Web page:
In lessons, pupils revisit prior learning to help them remember important knowledge. With help, pupils can talk about their learning. In mathematics, pupils talk about number sentences and their work on perimeter.

They are proud about their knowledge of multiplication tables. In science, they talk about experiments and microorganisms. In art, pupils recall the great artists they have studied and discuss weaving and wax resist.

However, in some subjects in key stages 1 and 2, sometimes, strategies are not used well enough to help pupils embed knowledge securely in their long-term memory or to allow pupils to apply their learning in reasoning and problem-solving. Ongoing assessment is used effectively to address misconceptions during lessons. However, in some subjects, assessment at the end of a sequence of learning is still being developed.

This means that teachers are not always aware of what pupils have learned over time or identified any gaps in their learning.

Pupils with SEND are very well supported. Staff are clear about the specific needs of individual pupils.

Precise support plans ensure that barriers to success are removed or reduced. All pupils are helped to learn successfully.

Pupils' behaviour is, in their own words, exceptional.

A calm sense of purpose pervades the school. Pupils model tolerance and respect towards each other and adults at all times. Pupils insist that bullying does not happen and know that teachers would stop it if it did.

They are learning to be responsible citizens through the many leadership roles available. The personal development curriculum ensures that pupils learn about the world beyond the school. They can talk about ideas like democracy and individual liberty, and some older pupils have a good knowledge of protected characteristics.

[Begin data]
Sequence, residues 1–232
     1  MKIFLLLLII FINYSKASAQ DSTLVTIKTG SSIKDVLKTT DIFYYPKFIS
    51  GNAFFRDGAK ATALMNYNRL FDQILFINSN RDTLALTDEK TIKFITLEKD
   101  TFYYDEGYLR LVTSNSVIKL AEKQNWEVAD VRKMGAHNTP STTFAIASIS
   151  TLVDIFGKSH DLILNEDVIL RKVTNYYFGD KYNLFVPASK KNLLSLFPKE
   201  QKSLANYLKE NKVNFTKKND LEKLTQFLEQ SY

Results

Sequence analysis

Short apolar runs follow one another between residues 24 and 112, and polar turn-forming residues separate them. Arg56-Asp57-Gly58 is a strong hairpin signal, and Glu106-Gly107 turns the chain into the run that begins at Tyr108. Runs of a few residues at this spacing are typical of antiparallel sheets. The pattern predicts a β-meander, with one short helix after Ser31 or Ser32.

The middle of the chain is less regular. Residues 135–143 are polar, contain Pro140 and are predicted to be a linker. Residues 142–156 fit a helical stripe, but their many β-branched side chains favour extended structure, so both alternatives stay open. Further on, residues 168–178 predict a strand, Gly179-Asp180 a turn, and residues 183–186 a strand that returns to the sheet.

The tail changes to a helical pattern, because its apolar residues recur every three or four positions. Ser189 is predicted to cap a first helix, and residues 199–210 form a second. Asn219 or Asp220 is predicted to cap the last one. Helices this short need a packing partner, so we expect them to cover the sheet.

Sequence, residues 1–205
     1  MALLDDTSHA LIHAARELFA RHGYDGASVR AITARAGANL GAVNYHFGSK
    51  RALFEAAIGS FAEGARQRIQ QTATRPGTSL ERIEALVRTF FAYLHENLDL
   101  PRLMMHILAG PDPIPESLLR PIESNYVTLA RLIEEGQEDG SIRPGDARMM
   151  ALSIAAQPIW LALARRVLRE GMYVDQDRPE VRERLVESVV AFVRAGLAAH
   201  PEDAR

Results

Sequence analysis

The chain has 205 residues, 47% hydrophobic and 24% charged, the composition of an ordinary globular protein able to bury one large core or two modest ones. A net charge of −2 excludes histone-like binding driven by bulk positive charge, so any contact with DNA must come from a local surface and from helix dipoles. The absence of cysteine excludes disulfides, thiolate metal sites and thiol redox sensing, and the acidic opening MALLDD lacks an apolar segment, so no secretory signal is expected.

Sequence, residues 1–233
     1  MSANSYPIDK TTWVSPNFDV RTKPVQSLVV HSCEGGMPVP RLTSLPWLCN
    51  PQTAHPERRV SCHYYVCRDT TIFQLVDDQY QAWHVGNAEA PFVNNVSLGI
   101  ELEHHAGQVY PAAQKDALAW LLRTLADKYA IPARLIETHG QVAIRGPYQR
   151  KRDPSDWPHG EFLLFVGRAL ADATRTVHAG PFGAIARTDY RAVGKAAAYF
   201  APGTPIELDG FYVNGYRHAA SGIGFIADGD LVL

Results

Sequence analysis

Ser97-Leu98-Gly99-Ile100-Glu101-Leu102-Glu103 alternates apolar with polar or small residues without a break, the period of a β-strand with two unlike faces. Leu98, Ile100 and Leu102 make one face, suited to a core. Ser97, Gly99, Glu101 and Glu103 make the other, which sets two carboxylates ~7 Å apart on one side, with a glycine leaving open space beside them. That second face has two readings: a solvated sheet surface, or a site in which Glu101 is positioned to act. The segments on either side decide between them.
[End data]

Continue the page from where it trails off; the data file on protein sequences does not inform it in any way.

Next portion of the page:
However, not all pupils are secure with this knowledge or their understanding of other faiths and cultures.

Parents appreciate the work of the school. The school works hard to build relationships with all parts of its community.

One parent said, 'This is a fantastic school. They work hard to make it a safe and fun environment while making sure the children reach the milestones they should.'


The arrangements for safeguarding are effective.

What does the school need to do to improve?

(Information for the school and appropriate authority)

• In key stages 1 and 2, assessment at the end of a sequence of learning is not used as effectively as it could be in all subject areas. This means that, in some subjects, staff do not have a clear picture of what pupils have learned over time or where any gaps remain. The school should continue to ensure summative assessment is used more effectively to support teachers when planning lessons to meet pupils' differing needs.

The planned curriculum is being delivered effectively. However, some pupils struggle to recall and use key knowledge that has been taught. The school should continue to focus on the strategies that teachers use to ensure that all pupils remember the knowledge and skills that they have been taught in the long term and then use and apply this to reason and solve problems.

Also at this postcode
Little Learners Crofton